By: Travis Archie
One of the most popular majors at Gardner-Webb resides in O. Max Gardner Hall, or as its residents call it O.M.G. – The Music Department.
There are four tracks to follow within the Music Department: Music Education, Performance, Music Business and Composition. The longest of the tracks, typically around five years, is Music Education.
Through this track, students learn how to teach the knowledge they have obtained throughout their years in college, by melding the required education materials and incorporating music. This ranges from teaching 6 year-olds how to sing “Jingle Bell Rock,” to working with a high school chamber choir singing “Festival Sanctus” for a regional competition.
Senior flutist Katie Duncan said, “the music world is hectic but totally worth it because it’s music.” Duncan is studying Music Education, as well as Performance in flute.
Performance covers every different type of music. Through popular music competition shows on television, we see that it is tough for amateur singers and performers to get chosen to be the next big thing. Once students in this track graduate, they typically end up having to try out for positions alongside more seasoned professionals.
On the other side of performing, is the Music Business track. This can be anything involving the business side of music, from editing to management. Students in this track become the people that make the performers of today famous. They have to learn marketing and statistics, as well as musical terminology.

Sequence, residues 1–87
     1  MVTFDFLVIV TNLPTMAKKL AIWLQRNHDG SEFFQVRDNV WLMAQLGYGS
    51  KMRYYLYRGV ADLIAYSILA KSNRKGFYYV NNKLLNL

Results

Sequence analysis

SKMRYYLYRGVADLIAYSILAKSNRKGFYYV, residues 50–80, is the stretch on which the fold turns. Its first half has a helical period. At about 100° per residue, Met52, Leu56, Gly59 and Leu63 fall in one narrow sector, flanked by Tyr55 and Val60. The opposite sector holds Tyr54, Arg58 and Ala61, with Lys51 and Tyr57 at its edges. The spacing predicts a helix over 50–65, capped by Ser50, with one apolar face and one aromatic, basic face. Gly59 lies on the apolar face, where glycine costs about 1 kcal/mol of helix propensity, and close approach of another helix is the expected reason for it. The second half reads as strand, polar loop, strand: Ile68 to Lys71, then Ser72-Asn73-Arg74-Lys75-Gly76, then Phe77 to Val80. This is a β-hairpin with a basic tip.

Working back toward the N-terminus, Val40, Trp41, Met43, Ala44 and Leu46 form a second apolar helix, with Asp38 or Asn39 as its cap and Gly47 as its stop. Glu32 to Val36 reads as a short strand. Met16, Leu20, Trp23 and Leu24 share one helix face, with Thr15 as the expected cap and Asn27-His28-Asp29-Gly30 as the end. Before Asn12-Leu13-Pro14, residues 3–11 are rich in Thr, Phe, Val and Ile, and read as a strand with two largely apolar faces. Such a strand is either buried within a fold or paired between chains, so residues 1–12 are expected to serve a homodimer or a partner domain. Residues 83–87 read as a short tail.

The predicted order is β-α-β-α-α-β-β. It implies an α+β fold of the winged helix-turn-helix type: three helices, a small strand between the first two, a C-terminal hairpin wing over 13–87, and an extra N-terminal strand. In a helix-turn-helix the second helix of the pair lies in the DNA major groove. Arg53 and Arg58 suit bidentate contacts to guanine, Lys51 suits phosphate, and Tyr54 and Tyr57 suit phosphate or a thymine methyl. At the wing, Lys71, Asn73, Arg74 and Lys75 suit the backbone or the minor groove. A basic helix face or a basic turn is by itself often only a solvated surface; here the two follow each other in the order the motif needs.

The last track is Composition, which is for those who want to write music. From smooth whole notes that touch the soul, to speedy 32nd notes that keep the heart racing. Composition students can create music for a soloist wanting to make a breakthrough in the music industry, as well as a 50-piece orchestra that wants to bring a younger audience to the world of live music performance.
Something that all the tracks have in common is the building of self-confidence, self-image and hours upon hours of hard work. The majority of a musician’s life is spent practicing and bettering their craft. One part of the curriculum that is consistent throughout all of the tracks is the “Sophomore Screening.”
“One of the most [nerve-wracking] things [in the Music Department] is completing the Sophomore Screening, because if you don’t pass it you have to repeat it,” said junior Austin Beasley.
The Sophomore Screening lays the foundation of any a Music major. However, before completing the screening, new students have to get into the routine of practicing which can be demanding for a freshman. “Practicing allows you to perfect yourself, and be ready whatever comes next,” said freshman Michael Nguyen.
In addition to the overall curriculum within the Music Department, there are also many types of musical groups that students can join, such as the orchestra, the opera and musical scenes, musical theater, chamber choir, coral, hand-bells, jazz classes and so much more.
The requirements for a degree in Music can be found here.
Editor’s note: “coral” should read “choral”
There’s are two additional majors within the music department, not mentioned above, according to Dr. Paul Etter, music department chair: Sacred Music (will be known as Worship Leadership in the fall of 2016) and a general BA in Music.